“Exactly! However, the owner just wanted to name the shop after himself and didn’t put much thought into the message he was sending. Coming up with a business name should sound pleasant and reflect the products you’re selling.”
The club members wrote down Mr. Wyley’s advice and promised each other to help to find business names later in the week if they were stuck.
Mr. Wyley checked his watch for the first time since the meeting, “My apologies ladies and thank you for having me today, but I have another meeting to attend to. I hope the information I provided is helpful and I look forward to hearing your business names at your next meeting!”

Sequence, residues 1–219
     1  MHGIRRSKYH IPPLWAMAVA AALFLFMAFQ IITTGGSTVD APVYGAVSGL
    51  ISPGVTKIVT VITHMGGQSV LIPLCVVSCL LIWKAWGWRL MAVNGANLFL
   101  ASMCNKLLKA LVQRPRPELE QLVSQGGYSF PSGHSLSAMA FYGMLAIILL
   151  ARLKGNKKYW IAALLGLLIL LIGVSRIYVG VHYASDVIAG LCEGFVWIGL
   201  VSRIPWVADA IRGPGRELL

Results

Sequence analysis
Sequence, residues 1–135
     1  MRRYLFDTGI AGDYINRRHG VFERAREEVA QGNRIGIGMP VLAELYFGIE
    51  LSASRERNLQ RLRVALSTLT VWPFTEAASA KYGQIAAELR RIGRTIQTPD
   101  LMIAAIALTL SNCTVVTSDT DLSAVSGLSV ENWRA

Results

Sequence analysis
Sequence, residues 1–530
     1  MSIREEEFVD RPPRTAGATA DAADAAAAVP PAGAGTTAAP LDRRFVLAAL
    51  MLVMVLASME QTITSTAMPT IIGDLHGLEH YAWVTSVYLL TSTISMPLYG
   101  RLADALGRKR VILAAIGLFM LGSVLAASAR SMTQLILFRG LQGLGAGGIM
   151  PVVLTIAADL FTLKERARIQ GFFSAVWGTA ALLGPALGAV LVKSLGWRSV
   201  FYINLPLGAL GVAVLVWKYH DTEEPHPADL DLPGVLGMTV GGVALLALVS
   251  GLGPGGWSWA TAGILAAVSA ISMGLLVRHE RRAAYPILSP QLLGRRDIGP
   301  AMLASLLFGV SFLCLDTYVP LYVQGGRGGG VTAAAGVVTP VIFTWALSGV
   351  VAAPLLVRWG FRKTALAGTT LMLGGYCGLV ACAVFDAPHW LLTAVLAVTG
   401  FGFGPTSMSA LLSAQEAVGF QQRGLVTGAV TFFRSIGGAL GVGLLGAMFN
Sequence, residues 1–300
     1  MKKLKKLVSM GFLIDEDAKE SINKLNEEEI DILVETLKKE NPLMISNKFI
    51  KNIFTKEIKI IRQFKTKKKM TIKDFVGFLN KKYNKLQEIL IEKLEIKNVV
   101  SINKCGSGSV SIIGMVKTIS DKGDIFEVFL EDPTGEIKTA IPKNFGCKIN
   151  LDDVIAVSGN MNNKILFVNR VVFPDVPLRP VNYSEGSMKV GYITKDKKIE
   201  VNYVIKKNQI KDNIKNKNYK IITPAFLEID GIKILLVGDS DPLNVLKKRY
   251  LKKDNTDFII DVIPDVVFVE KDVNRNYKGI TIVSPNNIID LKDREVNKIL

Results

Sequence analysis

“Thank you!” the girls said in unison.
After her father left, Lydia turned to the other members of the club. “Thank you for coming to our first meeting! Are you guys okay with meeting next Saturday afternoon?”
They all agreed and shook hands to solidify their business club alliance. Lydia showed the two other members to the front door. The beat-up car was rumbling away in the driveway waiting for Karen, and Veronica began her walk home. Lydia continued to wave goodbye until she couldn’t see either girl anymore.
After lunch, Lydia sat at her computer desk with her notes and thought about her first ever club meeting. Despite not having a product idea and only having three members in total, she felt it had been very successful as they had learned a lot from her dad and everyone had seemed to have a good time. She was impressed with both of her new friends and couldn’t wait for the next time they saw each other. Their enthusiasm had motivated her to be more prepared for the next meeting.